We continue our look at the best indie digital comics with our first ComiXology Submit round-up of 2016 featuring: transmogrified wormholes in Disunity; Leonie O’Moore’s afterlife adventure Double Dead; Andy Bloor’s time travelling action adventure series Midnight Man; and tragic Irish slice of life in Debbie Jenkinson’s Remorse
Disunity #1-2 (Blotch Comics)
You’ve got to admire a book that uses the phrase ‘transversable wormhole generator’ without irony. This rather complex plot device is created by super scientist John, which he hopes will solve the world’s over population problem, but instead creates a bubble around the earth which feeds off parallel universes and phases with them to devastating effect on both worlds. This high concept back story sees our charming, bearded, geek t-shirt wearing, ‘everyman’ scientist get ‘super powers’ of invincibility and immortality (but he still feels pain) thanks to his link to the original incident and makes him into a bit of a the last man on earth as he survives 200 years of getting beaten up and injured in a variety of ways without ever dying. However just when you think you have got a handle on this being a sort of lone wolf, man on a a mission type book, it takes a radical left turn and become a kind of superhero team book in issue #2, introducing us to a group of misfit buddies fro John including a warpaint wearing psychic, a delusional cowboy and Chronos the man who now sublets Cloud City from Lando Calrissian (not really, but their home in the clouds feels very familiar!). Thanks to this weird mixture of characters and easy access to other universes via the wormhole, creators Ron Batchelor and Rem Fields create an eclectic and intriguing basis for their stories, which are brilliantly realised via Batchelor’s sumptuous art and colours. However even after two issues it never quite manages to find that unifying theory that would help hold this disparate bunch of great ideas together, because if it did then it could become a really great read.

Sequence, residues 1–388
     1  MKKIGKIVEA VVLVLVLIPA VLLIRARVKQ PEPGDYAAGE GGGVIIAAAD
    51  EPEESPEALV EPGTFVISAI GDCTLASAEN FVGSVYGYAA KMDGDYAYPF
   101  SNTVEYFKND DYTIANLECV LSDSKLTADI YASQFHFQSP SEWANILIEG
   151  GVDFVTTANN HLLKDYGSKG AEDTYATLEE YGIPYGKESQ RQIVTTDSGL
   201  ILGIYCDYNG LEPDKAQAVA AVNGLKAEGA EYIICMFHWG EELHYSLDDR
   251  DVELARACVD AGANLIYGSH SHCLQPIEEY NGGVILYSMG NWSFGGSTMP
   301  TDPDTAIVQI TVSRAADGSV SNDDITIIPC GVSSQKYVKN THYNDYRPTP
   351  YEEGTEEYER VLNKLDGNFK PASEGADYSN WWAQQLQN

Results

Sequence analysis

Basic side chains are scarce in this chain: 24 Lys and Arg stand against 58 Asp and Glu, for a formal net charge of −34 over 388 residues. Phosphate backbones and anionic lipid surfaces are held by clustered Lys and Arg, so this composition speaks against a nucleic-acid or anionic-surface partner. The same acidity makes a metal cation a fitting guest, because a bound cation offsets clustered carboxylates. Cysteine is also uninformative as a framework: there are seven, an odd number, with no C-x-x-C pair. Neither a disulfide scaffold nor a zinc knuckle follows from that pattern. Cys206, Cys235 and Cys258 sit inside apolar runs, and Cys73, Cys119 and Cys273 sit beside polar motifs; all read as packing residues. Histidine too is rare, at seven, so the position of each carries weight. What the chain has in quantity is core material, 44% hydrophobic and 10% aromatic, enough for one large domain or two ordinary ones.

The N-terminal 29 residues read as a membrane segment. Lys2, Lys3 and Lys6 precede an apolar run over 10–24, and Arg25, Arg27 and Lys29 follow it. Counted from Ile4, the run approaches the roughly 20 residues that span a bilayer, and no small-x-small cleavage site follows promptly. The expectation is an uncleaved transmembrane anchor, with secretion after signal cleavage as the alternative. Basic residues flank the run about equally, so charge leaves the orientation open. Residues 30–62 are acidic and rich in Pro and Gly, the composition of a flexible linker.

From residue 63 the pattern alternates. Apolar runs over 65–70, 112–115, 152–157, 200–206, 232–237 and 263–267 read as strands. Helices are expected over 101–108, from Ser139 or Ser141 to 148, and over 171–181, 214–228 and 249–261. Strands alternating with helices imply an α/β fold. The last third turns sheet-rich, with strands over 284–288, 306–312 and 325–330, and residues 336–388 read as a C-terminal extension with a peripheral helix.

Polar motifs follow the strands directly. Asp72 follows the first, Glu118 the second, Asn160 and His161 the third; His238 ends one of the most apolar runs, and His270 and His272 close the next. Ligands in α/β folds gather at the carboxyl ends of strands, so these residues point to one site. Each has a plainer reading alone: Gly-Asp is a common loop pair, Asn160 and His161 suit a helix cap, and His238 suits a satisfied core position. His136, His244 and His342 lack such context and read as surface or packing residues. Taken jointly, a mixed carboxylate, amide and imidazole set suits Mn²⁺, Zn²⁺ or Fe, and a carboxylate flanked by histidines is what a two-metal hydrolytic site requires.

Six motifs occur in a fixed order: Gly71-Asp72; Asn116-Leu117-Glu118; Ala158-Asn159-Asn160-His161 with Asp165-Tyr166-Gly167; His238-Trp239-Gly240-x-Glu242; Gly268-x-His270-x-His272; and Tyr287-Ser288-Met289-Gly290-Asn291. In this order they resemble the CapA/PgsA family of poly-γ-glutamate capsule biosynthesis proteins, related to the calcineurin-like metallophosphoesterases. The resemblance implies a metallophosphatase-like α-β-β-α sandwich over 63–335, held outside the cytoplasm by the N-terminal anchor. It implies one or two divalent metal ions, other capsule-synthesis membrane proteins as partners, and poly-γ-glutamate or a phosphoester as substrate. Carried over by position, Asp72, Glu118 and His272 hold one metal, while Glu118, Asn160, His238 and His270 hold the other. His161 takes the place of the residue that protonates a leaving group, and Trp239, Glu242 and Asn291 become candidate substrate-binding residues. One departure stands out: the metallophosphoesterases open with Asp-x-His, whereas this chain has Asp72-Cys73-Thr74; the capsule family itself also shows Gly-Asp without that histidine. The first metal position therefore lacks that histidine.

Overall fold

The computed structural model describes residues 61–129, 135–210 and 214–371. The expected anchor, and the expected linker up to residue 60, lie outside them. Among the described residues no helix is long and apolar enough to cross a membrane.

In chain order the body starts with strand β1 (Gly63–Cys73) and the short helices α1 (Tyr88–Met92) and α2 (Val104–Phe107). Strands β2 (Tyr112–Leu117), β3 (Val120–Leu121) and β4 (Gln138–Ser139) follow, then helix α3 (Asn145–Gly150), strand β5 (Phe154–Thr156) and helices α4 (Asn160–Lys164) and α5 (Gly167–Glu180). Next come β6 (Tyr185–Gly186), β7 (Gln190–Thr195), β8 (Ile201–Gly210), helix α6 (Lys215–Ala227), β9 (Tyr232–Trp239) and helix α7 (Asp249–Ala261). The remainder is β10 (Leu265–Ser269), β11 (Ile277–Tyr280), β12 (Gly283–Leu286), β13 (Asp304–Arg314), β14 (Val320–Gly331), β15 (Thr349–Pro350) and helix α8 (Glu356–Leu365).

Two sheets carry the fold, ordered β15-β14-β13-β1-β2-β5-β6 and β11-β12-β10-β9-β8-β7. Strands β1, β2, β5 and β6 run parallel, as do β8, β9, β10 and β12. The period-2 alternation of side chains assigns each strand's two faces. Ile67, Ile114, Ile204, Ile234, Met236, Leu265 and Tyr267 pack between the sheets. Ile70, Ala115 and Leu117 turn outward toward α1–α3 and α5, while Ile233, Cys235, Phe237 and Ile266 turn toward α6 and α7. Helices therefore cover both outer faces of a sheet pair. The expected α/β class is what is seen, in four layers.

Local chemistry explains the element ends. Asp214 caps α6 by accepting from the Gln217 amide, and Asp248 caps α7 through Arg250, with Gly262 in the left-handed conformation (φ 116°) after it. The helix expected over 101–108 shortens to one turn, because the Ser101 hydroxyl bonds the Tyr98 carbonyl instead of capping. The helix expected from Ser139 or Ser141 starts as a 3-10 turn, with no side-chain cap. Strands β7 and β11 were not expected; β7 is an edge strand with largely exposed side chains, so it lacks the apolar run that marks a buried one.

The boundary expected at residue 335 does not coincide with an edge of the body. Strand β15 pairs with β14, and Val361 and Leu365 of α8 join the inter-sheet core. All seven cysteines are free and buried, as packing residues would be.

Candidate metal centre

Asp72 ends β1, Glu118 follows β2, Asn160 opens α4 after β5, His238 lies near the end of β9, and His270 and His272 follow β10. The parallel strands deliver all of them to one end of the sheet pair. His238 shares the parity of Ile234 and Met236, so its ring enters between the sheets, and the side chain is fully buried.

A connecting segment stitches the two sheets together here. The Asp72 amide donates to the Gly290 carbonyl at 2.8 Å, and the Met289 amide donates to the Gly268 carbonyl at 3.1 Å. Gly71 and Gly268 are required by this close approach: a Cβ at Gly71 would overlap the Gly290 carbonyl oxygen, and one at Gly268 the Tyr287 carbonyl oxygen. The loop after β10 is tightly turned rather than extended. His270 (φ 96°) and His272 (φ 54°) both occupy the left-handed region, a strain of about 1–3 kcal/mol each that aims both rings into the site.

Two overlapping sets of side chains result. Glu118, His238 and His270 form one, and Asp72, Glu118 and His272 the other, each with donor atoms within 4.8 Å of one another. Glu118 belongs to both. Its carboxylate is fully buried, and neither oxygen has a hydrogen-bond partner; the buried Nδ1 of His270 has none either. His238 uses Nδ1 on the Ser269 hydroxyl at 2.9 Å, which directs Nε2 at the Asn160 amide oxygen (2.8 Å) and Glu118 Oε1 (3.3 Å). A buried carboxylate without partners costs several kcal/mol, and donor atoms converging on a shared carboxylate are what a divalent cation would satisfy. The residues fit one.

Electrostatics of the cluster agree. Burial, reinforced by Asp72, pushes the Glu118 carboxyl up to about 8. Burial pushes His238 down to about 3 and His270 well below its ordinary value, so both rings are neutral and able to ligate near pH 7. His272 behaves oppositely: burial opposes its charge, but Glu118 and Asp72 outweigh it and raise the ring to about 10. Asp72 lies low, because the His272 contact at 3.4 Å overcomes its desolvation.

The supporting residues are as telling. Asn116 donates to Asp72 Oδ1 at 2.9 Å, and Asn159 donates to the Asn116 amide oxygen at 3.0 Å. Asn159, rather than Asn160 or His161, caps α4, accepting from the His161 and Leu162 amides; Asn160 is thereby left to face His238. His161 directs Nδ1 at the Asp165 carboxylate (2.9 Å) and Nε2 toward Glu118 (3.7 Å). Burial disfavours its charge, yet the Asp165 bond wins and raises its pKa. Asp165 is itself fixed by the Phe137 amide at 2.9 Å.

Purchase Disunity #1-2 for £1.49 from ComiXology
Double Dead #1-3 (Misrule Comics)
For her follow up to the critically acclaimed Lord, writer/artist Leonie O’Moore has gone to the depths of hell and back again. When stunt driver Robyn is killed in an accident on set, she is taken to the after life where she is given the chance to go back to before her death and be with her terminally ill husband. All she has to do is find a mysterious crystal from the depths of the underworld and make her way past the various tests put in front of her by the sinister King of the Crystal Caverns. With it’s afterlife redemption angle, Double Dead is essentially a gender reversed take on the Orpheus myth, populated with a supporting cast of quirky characters that look like they came straight from the pages Neil Gaiman’s The Sandman. Unlike Gaiman’s goth masterpiece though, it is told with a much brighter colour palette which makes the whole thing feel much more vibrant and O’Moore uses the same watercolour washes that we saw in Lord. However unlike the vintage feel that this gave her previous work, in Double Dead it makes for a a slightly surreal child-like quality which doesn’t always tally with the more serious subject matter. At three issues, the story feels a bit long-winded and rambly at times, but with a strong ending that resolves the whole story very nicely it makes for another unique tale from Moore (with the sight of the ferryman in a blonde wig being truly unforgettable!).